It is true that stocks and bonds have been negatively correlated in recent years. But that has not always been the case. In fact, stock-bond correlations are as likely to be positive as negative over the long run.

Source: “Equity-Bond Correlation: A Historical Perspective”, Graham Capital Management Research Note, September 2017

Long-term bonds have had similar long-run returns to intermediate bonds despite their higher volatility. The return on intermediate bonds includes compensation for reinvestment risk once these bonds mature. Long bonds do not have this reinvestment risk and do not require a risk premium for it. Therefore, their relative return suffers.

Here are GEM results with the Barclays U.S. Aggregate bond index versus the Barclays 20-Year Treasury bond index from when both became available in January 1976.

Results are hypothetical, are NOT an indicator of future results, and do NOT represent returns that any investor actually attained. Indexes are unmanaged, do not reflect management or trading fees, and one cannot invest directly in an index.

On a risk-adjusted basis, 20-year Treasuries did not outperform intermediate-term aggregate bonds despite low stock-bond correlations and a strong bull market in bonds over the past 35 years. Under normal market conditions, long-term bonds with higher risk are more likely to be at a disadvantage as a safe harbor asset. 

Recent data mining example

I have gotten some emails asking about a strategy called “Accelerating Dual Momentum” that was inspired by GEM. This model looks at 20 years of mutual fund data. Based on that data, the developer uses long-term Treasury bonds as his safe harbor asset and a combination of short (1, 3, and 6 months) lookback periods. We have seen that these lookbacks may not be the best choices based on long-term data. They certainly should not be used exclusively. We also know that intermediate-term bonds outperformed long-term Treasury bonds over a longer period. Using a combination of shorter lookback periods is not accelerating dual momentum. It is dual momentum with shorter lookback periods.

The developer also questions using the MSCI ACWI ex-U.S. index of large and mid-cap stocks as the best vehicle for non-U.S. equities. His argument is that companies are more globalized now so the correlation between U.S. and non-U.S. companies is higher than it once was. This may be true. But the following chart from my website’s FAQ page shows something else. The relative strength difference between U.S. and non-U.S. equities is largely due to macro-economic conditions reflected in the strength or weakness of the U.S. dollar.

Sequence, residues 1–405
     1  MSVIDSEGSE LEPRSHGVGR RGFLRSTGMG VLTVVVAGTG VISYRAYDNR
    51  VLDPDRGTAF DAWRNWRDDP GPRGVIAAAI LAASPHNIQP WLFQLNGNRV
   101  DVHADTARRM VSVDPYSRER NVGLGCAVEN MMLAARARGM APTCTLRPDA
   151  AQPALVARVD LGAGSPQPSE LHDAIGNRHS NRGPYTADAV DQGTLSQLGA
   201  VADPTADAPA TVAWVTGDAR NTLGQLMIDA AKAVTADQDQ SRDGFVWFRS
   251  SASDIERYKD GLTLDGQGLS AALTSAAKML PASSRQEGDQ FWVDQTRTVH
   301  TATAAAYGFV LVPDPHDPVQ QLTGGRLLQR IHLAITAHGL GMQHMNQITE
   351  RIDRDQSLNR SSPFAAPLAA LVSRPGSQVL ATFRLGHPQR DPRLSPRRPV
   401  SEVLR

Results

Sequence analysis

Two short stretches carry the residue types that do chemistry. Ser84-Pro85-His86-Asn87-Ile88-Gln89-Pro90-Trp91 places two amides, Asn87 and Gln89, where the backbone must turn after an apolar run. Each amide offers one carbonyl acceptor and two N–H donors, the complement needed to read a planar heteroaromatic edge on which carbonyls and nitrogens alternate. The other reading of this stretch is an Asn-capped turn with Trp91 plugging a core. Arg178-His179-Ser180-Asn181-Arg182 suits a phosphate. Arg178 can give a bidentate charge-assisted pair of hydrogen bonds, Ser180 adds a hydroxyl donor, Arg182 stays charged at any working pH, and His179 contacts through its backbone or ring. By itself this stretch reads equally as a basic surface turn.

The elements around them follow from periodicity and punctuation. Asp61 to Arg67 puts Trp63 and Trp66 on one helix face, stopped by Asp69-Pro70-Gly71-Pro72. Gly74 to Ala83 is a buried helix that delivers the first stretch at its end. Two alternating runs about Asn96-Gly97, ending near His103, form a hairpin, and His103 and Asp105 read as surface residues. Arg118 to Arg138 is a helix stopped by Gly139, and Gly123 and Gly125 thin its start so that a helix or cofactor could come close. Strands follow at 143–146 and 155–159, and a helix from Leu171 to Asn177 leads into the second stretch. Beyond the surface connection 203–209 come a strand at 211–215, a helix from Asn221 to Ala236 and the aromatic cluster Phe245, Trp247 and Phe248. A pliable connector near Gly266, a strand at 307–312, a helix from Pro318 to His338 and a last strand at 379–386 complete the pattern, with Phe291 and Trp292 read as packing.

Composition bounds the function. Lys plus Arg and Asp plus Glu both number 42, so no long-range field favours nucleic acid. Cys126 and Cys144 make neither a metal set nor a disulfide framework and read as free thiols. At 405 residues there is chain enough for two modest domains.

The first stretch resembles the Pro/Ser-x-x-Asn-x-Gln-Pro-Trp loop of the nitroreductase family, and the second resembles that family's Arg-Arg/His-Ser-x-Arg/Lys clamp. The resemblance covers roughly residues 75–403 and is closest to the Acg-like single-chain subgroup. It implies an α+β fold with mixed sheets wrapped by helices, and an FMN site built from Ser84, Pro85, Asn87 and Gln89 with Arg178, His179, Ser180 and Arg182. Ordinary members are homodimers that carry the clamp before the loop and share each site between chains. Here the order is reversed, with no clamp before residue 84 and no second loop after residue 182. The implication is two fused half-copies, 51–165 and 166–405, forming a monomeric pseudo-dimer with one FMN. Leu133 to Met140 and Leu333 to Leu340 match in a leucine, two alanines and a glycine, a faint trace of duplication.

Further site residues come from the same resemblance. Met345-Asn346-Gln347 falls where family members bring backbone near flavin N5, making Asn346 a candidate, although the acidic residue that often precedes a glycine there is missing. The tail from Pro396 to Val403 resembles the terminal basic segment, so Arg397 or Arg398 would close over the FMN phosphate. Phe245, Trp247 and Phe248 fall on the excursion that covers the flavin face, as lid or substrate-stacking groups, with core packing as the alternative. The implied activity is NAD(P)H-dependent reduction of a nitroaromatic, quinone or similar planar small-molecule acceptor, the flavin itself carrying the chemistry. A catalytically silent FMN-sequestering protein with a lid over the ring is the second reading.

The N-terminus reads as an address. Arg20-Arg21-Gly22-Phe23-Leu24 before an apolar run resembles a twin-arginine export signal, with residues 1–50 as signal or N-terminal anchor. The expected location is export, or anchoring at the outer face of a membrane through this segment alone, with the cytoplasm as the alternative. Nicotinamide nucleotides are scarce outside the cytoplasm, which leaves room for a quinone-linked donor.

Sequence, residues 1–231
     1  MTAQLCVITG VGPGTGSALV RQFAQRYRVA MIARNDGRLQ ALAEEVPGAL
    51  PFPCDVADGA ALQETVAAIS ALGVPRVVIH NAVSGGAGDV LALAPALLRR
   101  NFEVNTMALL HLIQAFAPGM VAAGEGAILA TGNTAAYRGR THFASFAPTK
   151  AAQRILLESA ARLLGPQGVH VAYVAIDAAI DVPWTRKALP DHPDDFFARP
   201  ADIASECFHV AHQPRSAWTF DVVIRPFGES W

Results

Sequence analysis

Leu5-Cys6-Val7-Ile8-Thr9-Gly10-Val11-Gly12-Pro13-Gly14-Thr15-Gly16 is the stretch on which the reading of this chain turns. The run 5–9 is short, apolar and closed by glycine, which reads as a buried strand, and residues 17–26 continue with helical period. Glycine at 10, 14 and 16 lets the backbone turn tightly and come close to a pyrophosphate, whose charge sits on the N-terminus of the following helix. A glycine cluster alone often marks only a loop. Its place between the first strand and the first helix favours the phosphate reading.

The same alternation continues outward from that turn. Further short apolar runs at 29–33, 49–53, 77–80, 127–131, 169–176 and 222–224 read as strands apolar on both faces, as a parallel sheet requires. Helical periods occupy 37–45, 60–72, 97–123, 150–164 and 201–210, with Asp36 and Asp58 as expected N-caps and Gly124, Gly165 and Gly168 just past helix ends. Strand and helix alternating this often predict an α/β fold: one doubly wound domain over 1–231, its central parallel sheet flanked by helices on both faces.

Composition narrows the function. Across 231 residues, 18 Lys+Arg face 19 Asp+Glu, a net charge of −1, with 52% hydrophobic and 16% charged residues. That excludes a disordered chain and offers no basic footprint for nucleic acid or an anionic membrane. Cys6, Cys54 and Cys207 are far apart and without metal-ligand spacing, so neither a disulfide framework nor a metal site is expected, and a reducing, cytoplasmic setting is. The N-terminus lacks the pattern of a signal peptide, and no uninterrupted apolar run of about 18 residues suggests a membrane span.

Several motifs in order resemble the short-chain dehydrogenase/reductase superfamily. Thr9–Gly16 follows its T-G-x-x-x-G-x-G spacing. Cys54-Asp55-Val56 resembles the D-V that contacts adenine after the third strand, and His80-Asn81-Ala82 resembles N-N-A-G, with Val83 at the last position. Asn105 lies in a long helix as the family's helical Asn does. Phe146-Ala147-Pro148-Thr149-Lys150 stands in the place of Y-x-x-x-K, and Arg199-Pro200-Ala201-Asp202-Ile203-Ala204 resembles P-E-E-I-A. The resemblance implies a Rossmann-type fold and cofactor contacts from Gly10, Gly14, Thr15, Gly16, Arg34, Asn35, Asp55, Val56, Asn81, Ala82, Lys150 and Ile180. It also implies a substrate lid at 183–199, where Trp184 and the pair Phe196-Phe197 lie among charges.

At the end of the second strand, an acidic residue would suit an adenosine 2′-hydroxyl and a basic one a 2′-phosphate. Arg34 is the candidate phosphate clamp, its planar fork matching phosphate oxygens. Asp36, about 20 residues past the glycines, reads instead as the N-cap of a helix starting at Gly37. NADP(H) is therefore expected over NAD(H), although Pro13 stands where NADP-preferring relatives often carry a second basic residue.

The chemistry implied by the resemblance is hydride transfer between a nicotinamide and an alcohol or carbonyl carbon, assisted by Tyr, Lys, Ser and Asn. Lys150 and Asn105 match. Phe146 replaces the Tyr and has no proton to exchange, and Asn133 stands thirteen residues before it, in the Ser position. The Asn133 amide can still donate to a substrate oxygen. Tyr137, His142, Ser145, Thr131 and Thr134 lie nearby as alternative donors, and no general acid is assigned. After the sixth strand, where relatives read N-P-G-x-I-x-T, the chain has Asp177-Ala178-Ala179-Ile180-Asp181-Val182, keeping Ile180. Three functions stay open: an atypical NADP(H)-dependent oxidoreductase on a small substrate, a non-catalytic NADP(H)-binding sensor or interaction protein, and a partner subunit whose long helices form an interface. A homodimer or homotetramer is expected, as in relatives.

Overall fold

The developer’s solution to what he perceives as a correlation problem is to use a small to midcap international stock fund in place of a large-cap international fund.

The starting date of the small to midcap MSCI ACWI ex-U.S. index is May 1994. Its monthly correlation to the S&P 500 is 0.72, which is only modestly lower than the correlation of 0.82 between the regular MSCI ACWI ex-US and the S&P 500. There is not enough history to make a good assessment of future performance. We also know that small-cap international stocks, in general, do not show a statistically significant size premium as noted here.

The ACWI small to midcap ex-U.S. index fund began in 2009. So in place of an index fund, the developer uses an actively managed small to midcap international fund. Looking at a large universe of funds, one can usually find after the fact a few actively managed funds that have outperformed similar index funds. But there is a problem with that approach. Fund performance may be persistent over the short run due to momentum. But over the long run, there is no meaningful relationship between past and future fund performance. See here for more on this.

At the end of his discussion, the developer presented a chart showing the rolling real return of GEM versus his model back to 1871. But prior to 1970, he did not use international stocks. There was thus no dual momentum. He had only absolute momentum with the S&P 500 and government bonds (10-year bonds after 1953 and longer-term government bonds prior to that). He used bond yields and not their total return. He further misrepresented GEM by using EAFE instead of ACWI ex-US when he used international stocks from 1970 forward. We saw earlier that the narrower EAFE index understates GEM performance by 130 bps annually from when ACWI ex-US was introduced in late 1988. Selection bias like we have here is where you use a subset of your data to make your results look better or, in this case, worse than they really are.

Even after his data-mining efforts and distortions of GEM and dual momentum, the developer shows that the trailing 30-year annualized real returns of both models since the mid-1990s were about the same. Rather than trying to manipulate limited amounts of data, others might do better by keeping in mind the simple principles and behavioral biases that have made dual momentum successful.